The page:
DMX is a rapper. But his sordid real estate saga sounds more like the blues.
The 48-year-old, who was born Earl Simmons, appears to be close to a sale of his home in Mount Kisco, NY, in a short sale. The home’s status is currently listed as pending sale. The home’s owner is listed as ET Properties 1 LLC—a corporate entity linked to the rapper.
The four-bedroom, four-bathroom abode contains 3,600 square feet and is described in the listing details as a “diamond in the rough.”
The gravel-voiced Ruff Ryder picked up the property at the height of his powers in 2000 and paid $649,000. While Mount Kisco doesn’t have the same hip-hop cachet as Queensbridge, Westchester County has spawned its fair share of rap legends.
Located about an hour outside Manhattan, the enclave in northern Westchester has attracted urbanites who appreciate that the village is “affordable, walkable, and multicultural,” as the New York Times put it.
We’re not sure if those neighborly attributes steered the rapper to this residence, but we do know legal troubles began to plague DMX in the early 2000s. After falling behind in his mortgage payments, he almost lost his home to foreclosure at least twice.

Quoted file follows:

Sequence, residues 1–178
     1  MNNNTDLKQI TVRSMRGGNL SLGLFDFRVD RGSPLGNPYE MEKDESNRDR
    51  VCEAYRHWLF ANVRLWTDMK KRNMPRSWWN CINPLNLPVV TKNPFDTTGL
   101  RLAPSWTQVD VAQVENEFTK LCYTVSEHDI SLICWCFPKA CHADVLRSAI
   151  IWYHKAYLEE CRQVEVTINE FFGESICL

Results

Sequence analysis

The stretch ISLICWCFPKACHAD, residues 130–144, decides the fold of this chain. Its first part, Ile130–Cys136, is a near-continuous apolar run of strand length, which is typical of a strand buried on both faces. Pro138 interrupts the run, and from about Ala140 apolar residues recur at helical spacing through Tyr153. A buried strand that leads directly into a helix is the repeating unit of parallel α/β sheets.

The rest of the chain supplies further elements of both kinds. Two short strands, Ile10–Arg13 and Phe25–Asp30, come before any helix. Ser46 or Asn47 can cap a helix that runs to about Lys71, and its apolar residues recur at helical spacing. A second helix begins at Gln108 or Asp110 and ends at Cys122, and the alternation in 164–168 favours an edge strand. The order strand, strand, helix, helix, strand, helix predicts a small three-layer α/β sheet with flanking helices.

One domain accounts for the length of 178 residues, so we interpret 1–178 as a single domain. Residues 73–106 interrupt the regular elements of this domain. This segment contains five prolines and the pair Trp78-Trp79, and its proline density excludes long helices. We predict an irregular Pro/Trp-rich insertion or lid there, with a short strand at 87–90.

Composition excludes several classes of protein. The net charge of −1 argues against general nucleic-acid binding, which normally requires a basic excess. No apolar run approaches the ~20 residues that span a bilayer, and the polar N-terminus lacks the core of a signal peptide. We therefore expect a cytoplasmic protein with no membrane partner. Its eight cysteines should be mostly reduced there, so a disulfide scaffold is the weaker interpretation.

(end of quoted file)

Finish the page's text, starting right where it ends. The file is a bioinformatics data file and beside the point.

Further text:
The bank filed a lawsuit against DMX and his wife, but DMX managed to pay back the $250,000 loan in full in 2014, fending off creditors.
But that respite appears to have been short-lived. In 2016, the musician filed for bankruptcy, on the grounds that he was drowning in debt. He claimed to owe $2 million to creditors and listed his Mount Kisco home as one of his assets. He reportedly hoped to save the home from foreclosure.
But the legal troubles continued. In 2017, the rapper pleaded guilty to not paying $1.7 million in taxes. Placing the home on the market is likely to help pay off the debt he owes the IRS.
By the way, this isn’t the first time DMX has run into problems with a property, after a long saga with a Harlem town house he purchased in 2001 for $750,000. The Yonkers native ran into a myriad of issues during an attempted renovation that turned into a money pit. He eventually put the place on the market for $1.9 million in 2006.
But with no buyers, the Harlem home showed up at auction in 2008. The partially renovated building reportedly sold for a shockingly low $120,000, plus money owed on the mortgage and tax liens, over $400,000. Another not very happy ending.
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